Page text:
“What do you learn at the Connecticut Writers Conference?” by Lori Pelikan Strobel
Recently, I joined about 100 writers at a writer’s conference on “How to Get Published”. The presenter for the day was Chuck Sambuchino of Writer’s Digest Books. Chuck is the editor of Guide to Literary Agents, as well as the Children’s Writers & Illustrator’s Market. His books include Formatting & Submitting Your Manuscript; Create Your Writer Platform, and How to Survive a Garden Gnome Attack. He also works on one of the biggest blogs in publishing—the Guide to Literary Agents Blog—and one of the biggest Twitter account, @WritersDigest. Chuck was a humorous, engaging, and commanding speaker. His voice was just as I imagined it would be after having read articles written by him. Actually, he could have also had a career in radio. This is a compliment because he had a certain quality of sound and projection that came across very well when he spoke. Needless to say, given his topic, his accomplishments, and his voice … he had a lot to say!
The day was broken down into five sessions in order to give the writer tools on getting published. Literary agents were also available throughout the day to pitch to and to give feedback to the writers. The literary agents were Jessica Sinsheimer (Sarah Jane Freymann Literary), Adrianna Ranta (Foundry Literary), Kimiko Nakamura (Dee Mura Literary), Lane Heymont (The Seymour Agency), Penny Moore (FinePrint Literary Management), and Kaylee Davis (Dee Mura Literary).
The first session was about “Publishing Options Today” where Chuck discussed the pros and cons to both traditional and self-publishing. In making the decision in which way to publish, he pointed out some important questions writers need to ask themselves. For example: Why do you want to be published? What is the goal? Money? He stated that in answering these questions, along with a few others, the writer would get an idea as to which way was “right” for them.
He next discussed, “Everything You Need to Know About Agents.” In this session, he answered everything from what an agent is, how to choose an agent, how to contact an agent, and what to submit. He was peppered with questions about when to use a query, a synopsis, and a book proposal. Chuck also clearly went over how to write a query letter and the seven parts of a fiction query pitch. Hint: “Do not reveal the ending,” said Chuck.
In addition, he focused on the importance of social media and how to market your books by creating a platform. During this segment, he discussed, what a platform is and when it’s necessary. He also shared some principles about a writer’s social media strategy. He shared that it’s important to start in a platform that you feel comfortable doing now. He stated, “It doesn’t mean you have to be everywhere on social media, when perhaps you may only feel good with Facebook.” He also mentioned to look at others on social media that you like and “learn by example.”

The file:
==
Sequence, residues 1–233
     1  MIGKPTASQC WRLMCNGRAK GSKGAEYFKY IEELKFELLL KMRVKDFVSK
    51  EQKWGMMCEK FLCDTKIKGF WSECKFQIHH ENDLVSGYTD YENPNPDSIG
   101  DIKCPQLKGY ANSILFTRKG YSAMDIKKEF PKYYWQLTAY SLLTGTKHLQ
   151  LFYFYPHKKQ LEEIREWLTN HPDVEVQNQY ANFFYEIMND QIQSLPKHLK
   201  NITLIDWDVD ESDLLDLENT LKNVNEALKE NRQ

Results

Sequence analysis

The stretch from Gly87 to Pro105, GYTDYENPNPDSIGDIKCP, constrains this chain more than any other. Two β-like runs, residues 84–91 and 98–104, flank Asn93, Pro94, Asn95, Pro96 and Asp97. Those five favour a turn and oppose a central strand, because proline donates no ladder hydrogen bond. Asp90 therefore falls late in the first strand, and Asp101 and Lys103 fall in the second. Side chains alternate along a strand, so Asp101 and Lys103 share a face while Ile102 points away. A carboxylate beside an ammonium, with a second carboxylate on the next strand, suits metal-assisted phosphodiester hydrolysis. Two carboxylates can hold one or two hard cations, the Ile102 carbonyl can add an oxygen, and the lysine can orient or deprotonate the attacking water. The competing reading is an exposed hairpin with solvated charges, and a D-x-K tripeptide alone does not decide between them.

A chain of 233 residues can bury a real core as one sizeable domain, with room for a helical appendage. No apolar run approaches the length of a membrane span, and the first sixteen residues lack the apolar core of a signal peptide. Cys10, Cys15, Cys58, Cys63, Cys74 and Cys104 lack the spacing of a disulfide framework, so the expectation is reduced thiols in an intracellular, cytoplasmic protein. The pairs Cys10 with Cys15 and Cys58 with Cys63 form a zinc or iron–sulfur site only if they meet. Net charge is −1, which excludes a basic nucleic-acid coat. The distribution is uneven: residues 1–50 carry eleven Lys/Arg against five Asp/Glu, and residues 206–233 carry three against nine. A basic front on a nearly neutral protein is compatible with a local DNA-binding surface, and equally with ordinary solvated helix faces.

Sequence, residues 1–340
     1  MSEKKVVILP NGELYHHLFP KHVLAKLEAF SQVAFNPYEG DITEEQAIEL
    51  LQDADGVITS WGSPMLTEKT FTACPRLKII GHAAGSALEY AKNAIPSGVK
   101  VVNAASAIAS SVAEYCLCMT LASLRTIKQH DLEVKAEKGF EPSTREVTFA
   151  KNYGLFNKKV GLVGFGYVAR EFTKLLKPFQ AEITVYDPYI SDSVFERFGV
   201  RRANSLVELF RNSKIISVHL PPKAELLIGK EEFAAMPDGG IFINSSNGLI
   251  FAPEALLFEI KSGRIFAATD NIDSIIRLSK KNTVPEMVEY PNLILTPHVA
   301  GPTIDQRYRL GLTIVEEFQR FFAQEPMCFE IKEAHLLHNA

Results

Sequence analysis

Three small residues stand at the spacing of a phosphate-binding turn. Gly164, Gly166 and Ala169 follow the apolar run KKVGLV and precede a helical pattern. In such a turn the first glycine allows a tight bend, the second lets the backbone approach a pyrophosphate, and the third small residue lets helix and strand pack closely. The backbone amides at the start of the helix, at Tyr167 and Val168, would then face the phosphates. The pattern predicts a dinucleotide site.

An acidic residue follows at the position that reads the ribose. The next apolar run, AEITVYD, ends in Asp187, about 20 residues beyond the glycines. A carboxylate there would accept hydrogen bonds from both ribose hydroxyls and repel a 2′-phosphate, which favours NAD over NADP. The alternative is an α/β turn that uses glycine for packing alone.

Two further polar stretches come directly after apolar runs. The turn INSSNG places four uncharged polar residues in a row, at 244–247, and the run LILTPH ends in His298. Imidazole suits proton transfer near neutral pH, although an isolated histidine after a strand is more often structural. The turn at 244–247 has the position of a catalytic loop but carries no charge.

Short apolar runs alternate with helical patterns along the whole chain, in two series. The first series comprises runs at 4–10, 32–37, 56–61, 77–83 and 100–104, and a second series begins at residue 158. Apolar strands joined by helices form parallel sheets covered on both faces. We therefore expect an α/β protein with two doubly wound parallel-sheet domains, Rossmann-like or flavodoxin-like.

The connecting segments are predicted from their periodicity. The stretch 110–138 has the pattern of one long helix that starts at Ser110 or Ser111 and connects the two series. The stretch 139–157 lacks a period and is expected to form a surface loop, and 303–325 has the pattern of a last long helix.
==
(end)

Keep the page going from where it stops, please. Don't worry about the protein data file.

One of the most anticipated parts of the day was a “Chapter 1 Critique-Fest” with all the literary agents. For this session, writers were encouraged to bring the first page of their manuscript. Chuck then read out loud—with no bylines given. He asked the agents to raise their hands when they would stop reading the first page. When three of the six agents raised their hands, he would stop reading. The agents then commented on what they liked or didn’t like about the submission. The woman I sat next to agreed that we both could have listened all day to this discussion. It was so helpful and interesting to hear what made them stop reading.
We learned that agents don’t like to hear about the weather on the first page. They don’t like confusion in tenses or choppy sentences. They don’t like extra information that has nothing to do with the story.
We learned they liked good orientating. They especially liked when the first sentences gave them the who, what, when, and where of the character. Of course, they also loved beautiful words and words that showed rather than told. Throughout the hour and fifteen minutes of critiques, I believe there were only two submissions that made it all the way to the end of the first page. The agents were very honest.
The day wrapped up with Chuck giving his “10 Professional Writing Practices.” He said, “As a writer, so much is out of your control. It’s important to focus on what you can control and what will have a positive impact on your writing journey.” He shared how to always write the best thing you can, how to keep moving forward even in “the face of rejection”, and how to create more from yourself.
I can’t give away all ten of his secrets, but it you want to learn more, find your way to one of his writers’ conferences. Chuck has a lot to say and this writing event will provide you with many answers on “How to Get Published”.
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